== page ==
We are happy to provide information about solar powered lights for uses in the UK. These use the sun’s orientation across the sky to accrue and store power in batteries. This is used when pointing a solar panel towards the solar energy source. As the seasons change so will the position of the suns geometry in the sky. During the summer solstice you will find the longest day of the year approaches. The sun then reaches its highest point in the sky; ultimately this will provide longer days and shorter nights. Greater amounts of energy are produced, which can be used in solar powered lights. As we know the sun rises in the east and sets in the west, thus moving through the year from season to season.
The suns path while viewed from the northern hemisphere starts to move lower in the sky towards the South Pole. This then ultimately reaching a point called the autumnal equinox, where day and night become equal length in winter. As the winter season continues the suns orbit then creates shorter day light times and longer nights. Climatic conditions also change, making it impossible to make historical predictions into the future as far as daily solar powered lights are concerned. We rely on this historical meteorological evidence to provide a guide as of what to expect.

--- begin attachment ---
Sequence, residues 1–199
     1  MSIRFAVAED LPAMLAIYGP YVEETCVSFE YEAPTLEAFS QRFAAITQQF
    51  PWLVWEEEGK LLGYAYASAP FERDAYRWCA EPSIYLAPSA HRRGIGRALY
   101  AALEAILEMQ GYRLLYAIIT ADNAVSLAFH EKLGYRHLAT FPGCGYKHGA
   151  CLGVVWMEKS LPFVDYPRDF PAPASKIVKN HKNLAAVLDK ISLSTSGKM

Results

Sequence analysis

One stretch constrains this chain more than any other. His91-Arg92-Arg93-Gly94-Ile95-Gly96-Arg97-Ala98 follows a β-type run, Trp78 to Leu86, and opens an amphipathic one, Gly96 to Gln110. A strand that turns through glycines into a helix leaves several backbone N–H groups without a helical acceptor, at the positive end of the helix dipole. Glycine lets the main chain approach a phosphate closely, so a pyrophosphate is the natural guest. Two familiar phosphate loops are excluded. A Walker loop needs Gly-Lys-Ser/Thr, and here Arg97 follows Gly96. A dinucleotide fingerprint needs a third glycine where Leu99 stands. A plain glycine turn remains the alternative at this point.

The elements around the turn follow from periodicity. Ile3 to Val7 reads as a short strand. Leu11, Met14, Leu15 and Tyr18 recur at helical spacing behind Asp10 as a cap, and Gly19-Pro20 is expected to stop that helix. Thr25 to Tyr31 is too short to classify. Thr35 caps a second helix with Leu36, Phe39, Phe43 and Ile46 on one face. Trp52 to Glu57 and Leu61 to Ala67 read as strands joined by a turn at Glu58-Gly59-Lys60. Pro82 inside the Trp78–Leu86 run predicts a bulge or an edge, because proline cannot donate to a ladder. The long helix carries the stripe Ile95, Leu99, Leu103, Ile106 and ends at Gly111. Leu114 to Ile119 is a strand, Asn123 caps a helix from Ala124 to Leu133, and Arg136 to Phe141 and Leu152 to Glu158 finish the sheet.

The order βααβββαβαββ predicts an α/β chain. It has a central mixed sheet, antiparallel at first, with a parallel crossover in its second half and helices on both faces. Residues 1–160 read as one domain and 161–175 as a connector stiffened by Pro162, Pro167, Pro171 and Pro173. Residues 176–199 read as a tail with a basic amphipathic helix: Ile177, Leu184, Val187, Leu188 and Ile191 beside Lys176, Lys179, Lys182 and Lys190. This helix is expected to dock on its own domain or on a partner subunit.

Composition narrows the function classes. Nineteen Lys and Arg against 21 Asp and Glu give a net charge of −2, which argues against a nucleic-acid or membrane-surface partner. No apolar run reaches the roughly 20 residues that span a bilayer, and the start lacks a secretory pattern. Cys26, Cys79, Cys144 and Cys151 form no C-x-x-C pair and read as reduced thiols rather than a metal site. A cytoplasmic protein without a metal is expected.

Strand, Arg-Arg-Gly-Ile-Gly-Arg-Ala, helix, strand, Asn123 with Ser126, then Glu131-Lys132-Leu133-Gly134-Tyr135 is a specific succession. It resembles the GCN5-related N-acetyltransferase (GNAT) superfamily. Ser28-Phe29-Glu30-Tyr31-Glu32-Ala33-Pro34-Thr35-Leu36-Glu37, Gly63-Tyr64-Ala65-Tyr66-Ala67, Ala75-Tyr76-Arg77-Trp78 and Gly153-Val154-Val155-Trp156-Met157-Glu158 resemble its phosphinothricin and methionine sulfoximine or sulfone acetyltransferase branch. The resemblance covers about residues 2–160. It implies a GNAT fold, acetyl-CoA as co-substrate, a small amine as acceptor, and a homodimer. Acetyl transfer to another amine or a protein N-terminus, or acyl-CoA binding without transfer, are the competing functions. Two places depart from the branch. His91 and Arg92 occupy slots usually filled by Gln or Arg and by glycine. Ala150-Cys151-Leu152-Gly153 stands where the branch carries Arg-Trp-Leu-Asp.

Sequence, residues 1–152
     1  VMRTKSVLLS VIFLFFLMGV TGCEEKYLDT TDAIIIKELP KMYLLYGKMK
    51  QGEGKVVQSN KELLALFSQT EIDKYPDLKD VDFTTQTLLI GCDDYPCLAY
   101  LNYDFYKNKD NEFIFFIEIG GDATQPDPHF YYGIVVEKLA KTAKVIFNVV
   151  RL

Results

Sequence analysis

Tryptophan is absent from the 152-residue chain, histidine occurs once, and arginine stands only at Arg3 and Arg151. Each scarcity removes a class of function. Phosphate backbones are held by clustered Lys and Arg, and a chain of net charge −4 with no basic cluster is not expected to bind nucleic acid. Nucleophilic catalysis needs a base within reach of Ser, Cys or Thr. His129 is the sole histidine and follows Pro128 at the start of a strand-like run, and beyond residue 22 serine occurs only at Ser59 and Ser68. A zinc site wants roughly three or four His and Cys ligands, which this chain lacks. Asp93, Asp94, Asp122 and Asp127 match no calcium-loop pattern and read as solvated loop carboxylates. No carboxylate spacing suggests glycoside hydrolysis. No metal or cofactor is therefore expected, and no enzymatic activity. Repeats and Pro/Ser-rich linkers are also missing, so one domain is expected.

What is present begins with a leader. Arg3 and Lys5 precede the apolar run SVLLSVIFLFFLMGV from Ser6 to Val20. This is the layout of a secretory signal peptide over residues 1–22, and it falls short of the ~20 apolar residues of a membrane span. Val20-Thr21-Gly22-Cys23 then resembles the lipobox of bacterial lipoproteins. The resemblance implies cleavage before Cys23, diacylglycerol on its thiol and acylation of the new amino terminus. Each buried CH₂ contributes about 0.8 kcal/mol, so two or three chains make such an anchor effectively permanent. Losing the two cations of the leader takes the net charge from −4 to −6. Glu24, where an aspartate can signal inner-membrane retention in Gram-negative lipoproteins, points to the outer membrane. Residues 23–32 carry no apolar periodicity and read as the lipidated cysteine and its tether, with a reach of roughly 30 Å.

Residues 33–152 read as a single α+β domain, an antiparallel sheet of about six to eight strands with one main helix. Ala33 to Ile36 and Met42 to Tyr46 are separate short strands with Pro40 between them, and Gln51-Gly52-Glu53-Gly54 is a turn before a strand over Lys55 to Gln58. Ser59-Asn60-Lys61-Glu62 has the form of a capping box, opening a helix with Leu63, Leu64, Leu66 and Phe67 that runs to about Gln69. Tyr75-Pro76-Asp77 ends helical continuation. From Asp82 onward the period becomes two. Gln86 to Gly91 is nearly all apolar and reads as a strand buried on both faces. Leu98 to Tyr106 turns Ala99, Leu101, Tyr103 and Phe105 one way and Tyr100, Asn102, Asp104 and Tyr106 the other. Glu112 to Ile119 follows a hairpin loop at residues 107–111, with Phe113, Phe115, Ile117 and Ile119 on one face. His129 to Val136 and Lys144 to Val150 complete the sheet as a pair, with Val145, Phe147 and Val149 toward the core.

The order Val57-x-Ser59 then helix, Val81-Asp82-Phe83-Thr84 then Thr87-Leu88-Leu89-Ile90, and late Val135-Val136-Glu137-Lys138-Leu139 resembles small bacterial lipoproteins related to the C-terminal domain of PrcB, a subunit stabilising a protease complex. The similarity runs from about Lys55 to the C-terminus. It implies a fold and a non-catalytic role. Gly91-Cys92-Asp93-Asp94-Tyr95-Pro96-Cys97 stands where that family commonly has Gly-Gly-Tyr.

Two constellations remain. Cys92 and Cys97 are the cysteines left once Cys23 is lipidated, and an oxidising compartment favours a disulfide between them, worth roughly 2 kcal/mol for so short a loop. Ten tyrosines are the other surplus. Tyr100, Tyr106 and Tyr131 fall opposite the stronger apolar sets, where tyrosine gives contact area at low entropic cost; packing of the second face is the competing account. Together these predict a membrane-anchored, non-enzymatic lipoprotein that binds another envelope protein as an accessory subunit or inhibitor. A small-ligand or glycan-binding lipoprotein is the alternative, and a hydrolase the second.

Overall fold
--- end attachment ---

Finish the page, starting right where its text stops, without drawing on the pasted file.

Calculating the orbit of the sun’s path from a static point has to be done with a degree of expectation, it is almost impossible to give a daily iridescence so as an alternative to this calculation a mean average is optimised.
Ways of measuring the sun light.
Luminance or photometers are available to measure the suns intensity at a given point. The general rule of thumb for solar powered lights, is that an average of 1Kw of solar energy per square meter. This is absorbed into the earth from the sun. Calculations can then be estimated depending on air pollution, fog and cloud cover during times throughout the year. Other possible restrictions could be trees, buildings, and debris that impart on the refractive angles during the seasons. If this happens then as much as 70% irradiance can be lost over this time making it difficult to calculate the sun light.
Conclusion, always try to look outside of the box to make sure you optimise a given geographical position where any object pointed receives the greatest degree of sunlight at any given point in time. If you have questions regarding the irradiation in a given area, then contact us to discuss your request.
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